Brockley drugs raids produce 92% hit rate

In the last year, the Brockley Safer Neighbourhood Team has adopted a more aggressive approach towards policing drugs in the area, conducting twelve raids on homes and businesses in the last 6 months alone.

The policy prompted Lewisham Councillor Duwayne Brooks to enquire how many of these raids produced negative searches, with no drugs being discovered on the premises. Cllr Brooks was concerned that "poorly gathered intelligence, which is then acted upon and proves negative can bring discontent. There is a perceived high number of negative searches."

Lewisham police have now confirmed that of those 12 warrants executed in the last six months by Brockley SNT, 11 resulted in drugs being found, which is presumably a hit-rate to satisfy most people worried about police acting on bad intelligence.

42 comments:

Anonymous said...

Duwayne Brooks is a coucillor for Downham not Brockley so I don't know why he keeps focusing his attention on policing in this area.

I think most people feel the policing in Brockley has improved signifcantly since the appointment of Seargent Biddle to head up the SNT and the tougher approach this has resulted in.

Daniel Stauber said...

Only a PR person would change 11 out of 12 to 92%. Kudos to you, though. It worked.

Monkeyboy said...

Quiet, it's 91.66666.....% thank god for some rigour.

Brockley Nick said...

Eh? It's just maths. Unless you really are objecting to me rounding up by 0.33333r? And what "worked"?

Max Calò said...

Wierd post and some wierd comments here. I can add my own wierd one.
If Cllr Duwayne Brooks is told by residents that they think the police is being less than rigorous in its actions then he's right if not even duty-bound to make enquiries. It follows that people with an agenda will be carping about it. It's inevitable in public life.

anonymous said...

Good to see them checking tax discs this morning

Anonymous said...

 Good one, but complete rubbish

Max Calò said...

In those terms it's not true, but if one narrows down the sample by demographics it's not difficult to find a house to go to with a sniffer dog and get a "result" like a couple of joints in someone's trousers.

  

ElloEllo said...

Statistics are always open to interpretation, but I am sure the Old Bill are quite well aware of who is who in Brockleys underworld.  It is good to see them feeling a few collars every now and then to keep it in check.  Those of us who have lived through the bad times in Brockley, know how serious it can get. 

Max Calò said...

I hope you're right.

heather harvey said...

But does anyone know what all the sirens activity was on sunday evening - masses of sirens for about 3 hours early sunday evening?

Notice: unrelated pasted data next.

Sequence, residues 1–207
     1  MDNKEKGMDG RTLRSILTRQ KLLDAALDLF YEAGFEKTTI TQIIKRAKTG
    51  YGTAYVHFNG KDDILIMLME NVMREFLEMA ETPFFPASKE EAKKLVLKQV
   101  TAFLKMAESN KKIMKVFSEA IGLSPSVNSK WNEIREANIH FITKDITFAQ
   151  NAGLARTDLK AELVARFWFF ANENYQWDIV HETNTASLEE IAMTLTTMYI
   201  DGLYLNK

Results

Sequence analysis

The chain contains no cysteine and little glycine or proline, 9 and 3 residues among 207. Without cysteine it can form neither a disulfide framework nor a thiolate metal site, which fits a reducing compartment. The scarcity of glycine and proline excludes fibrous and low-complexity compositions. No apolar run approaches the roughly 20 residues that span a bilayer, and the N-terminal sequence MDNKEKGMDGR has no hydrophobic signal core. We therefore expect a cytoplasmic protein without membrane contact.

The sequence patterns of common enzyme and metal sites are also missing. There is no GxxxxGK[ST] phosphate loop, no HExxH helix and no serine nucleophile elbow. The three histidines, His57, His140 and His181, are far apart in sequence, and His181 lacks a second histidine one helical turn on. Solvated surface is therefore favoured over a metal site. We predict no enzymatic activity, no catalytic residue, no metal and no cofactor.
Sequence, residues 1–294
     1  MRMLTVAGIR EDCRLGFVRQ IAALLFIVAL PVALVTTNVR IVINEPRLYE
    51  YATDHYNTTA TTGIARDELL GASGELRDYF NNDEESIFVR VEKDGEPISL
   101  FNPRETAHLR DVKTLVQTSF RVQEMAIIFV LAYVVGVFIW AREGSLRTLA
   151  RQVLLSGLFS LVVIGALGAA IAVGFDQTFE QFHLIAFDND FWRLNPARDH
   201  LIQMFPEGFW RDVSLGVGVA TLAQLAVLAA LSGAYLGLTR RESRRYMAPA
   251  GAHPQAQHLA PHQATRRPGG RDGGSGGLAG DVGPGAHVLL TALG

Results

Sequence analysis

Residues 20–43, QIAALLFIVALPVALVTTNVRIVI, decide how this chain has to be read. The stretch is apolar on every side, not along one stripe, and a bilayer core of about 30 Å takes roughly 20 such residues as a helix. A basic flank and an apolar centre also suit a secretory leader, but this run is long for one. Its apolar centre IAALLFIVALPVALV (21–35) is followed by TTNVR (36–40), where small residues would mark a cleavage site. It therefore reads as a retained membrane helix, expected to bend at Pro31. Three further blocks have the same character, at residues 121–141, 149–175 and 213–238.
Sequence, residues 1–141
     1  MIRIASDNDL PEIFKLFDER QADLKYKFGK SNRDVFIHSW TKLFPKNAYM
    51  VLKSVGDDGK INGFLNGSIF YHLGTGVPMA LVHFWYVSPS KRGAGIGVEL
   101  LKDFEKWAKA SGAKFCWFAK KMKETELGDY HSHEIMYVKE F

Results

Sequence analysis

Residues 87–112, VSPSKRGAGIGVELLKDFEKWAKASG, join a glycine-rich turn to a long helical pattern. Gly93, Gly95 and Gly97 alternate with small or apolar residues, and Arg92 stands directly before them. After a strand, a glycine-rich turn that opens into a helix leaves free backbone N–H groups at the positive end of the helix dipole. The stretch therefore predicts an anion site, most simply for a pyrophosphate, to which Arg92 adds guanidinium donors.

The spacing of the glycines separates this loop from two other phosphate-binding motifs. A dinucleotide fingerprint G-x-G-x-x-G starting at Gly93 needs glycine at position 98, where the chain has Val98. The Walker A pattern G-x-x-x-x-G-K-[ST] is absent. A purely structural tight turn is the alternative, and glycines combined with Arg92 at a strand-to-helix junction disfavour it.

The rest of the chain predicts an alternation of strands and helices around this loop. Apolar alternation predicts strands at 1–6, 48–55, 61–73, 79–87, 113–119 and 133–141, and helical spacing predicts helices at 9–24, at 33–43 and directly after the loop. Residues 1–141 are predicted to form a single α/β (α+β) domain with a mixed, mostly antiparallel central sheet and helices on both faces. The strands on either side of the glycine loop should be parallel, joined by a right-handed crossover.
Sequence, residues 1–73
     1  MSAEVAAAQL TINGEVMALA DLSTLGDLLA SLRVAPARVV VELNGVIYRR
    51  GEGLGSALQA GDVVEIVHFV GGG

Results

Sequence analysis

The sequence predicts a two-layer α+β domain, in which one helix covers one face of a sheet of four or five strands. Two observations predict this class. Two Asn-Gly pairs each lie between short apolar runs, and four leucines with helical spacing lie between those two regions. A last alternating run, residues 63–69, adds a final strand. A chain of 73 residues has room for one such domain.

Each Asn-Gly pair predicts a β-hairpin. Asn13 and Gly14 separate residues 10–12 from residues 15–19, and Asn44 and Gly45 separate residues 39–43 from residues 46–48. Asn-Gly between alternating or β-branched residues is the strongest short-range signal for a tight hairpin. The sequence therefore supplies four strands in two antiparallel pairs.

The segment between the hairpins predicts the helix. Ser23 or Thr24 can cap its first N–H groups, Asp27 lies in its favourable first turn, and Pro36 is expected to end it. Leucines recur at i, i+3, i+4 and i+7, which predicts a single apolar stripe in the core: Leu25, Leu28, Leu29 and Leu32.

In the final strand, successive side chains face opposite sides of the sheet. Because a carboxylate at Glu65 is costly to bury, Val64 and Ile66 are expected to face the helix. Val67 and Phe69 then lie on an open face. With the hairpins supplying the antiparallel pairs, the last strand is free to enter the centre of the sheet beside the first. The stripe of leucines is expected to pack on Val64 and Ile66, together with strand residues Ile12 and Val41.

guest said...

we had a police raid the other morning, for drugs, of which of course there were none! 12 police officers turned up, looked around and left. i left an hour later and they were still hanging around outside waiting for sandwiches at the bakery. excellent use of police funds! but i find it hard to believe we were the only place raided where they found nothing? i'd be very interested to find out if the raid on our flat was recorded. 

Daniel Stauber said...

% should start with 100 instances... it "worked" because I clicked through.

Brockley Nick said...

"Lang and Secic
(2006): When the sample size is greater
than 100, report percentages to no more than
one decimal place.  When sample size is
less than 100, report percentages in
whole numbers.  When sample size is less
than, say, 20, consider reporting the
actual numbers rather than percentages.”

I considered it but on the basis that "eleven out of twelve" is rather clunky in a headline or a tweet., chose to go with percentage in those case, giving the actual numbers in the actual article. It doesn't misrepresent the data.

anonymous said...

Meanwhile, there was another burglary in Tyrwhitt this afternoon. In my self-absorbed way I think the increase in burglaries is more important.

anonymous said...

 I saw 2 PCSOs checking every car for tax discs this lunchtime, outside the house which was later burgled. If police patrolled singly there'd be twice as many on the streets because they wouldn't be able to chat to each other about last night's TV.

anonymous said...

 Sorry to prick your balloon, the bad times are very much back if you live in Tyrwhitt.

Anonymous said...

Knock on almost any door in Brockley and you'd find some recreational fare inside.

Let's go after real crime - not dealers or users.

Anon said...

"Let's go after real crime - not dealers or users."

Like the drugs cartels in South America that conduct mass murders to force local inhabitatents to play ball?

Or in this borough the gangs of people who 'protect their turf' ie market share by killing others, and if an innocent member of the public gets caught in the crossfire or are mistakenly killed, I guess in your mind it's just one of those things the public need to get used to.

terrencetrentderby said...

"Luckily, the amount of heroin I use is harmless, I inject about once a month on a purely recreational basis. Fine. But what about other people less stable, less educated, less middle-class than me? Builders or blacks for example. If you're one of those, my advice is leave well alone. Good luck."

Anon said...

dealers are real criminals and often the tip of the iceberg of organized crime and drug abusers often resource to theft to pay for their addictions... well done to the Police